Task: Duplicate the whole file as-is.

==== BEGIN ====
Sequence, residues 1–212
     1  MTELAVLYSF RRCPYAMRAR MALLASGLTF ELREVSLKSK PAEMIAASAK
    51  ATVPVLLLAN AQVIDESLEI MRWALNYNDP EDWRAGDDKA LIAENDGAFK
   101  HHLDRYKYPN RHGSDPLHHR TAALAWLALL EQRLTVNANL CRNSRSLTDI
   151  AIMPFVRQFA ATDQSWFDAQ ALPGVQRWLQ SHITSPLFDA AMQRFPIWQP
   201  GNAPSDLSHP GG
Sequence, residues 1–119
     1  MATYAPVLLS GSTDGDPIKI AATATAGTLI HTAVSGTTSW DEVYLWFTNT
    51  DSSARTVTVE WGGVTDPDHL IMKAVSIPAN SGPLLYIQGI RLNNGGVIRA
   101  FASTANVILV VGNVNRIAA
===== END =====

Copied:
Sequence, residues 1–212
     1  MTELAVLYSF RRCPYAMRAR MALLASGLTF ELREVSLKSK PAEMIAASAK
    51  ATVPVLLLAN AQVIDESLEI MRWALNYNDP EDWRAGDDKA LIAENDGAFK
   101  HHLDRYKYPN RHGSDPLHHR TAALAWLALL EQRLTVNANL CRNSRSLTDI
   151  AIMPFVRQFA ATDQSWFDAQ ALPGVQRWLQ SHITSPLFDA AMQRFPIWQP
   201  GNAPSDLSHP GG
Sequence, residues 1–119
     1  MATYAPVLLS GSTDGDPIKI AATATAGTLI HTAVSGTTSW DEVYLWFTNT
    51  DSSARTVTVE WGGVTDPDHL IMKAVSIPAN SGPLLYIQGI RLNNGGVIRA
   101  FASTANVILV VGNVNRIAA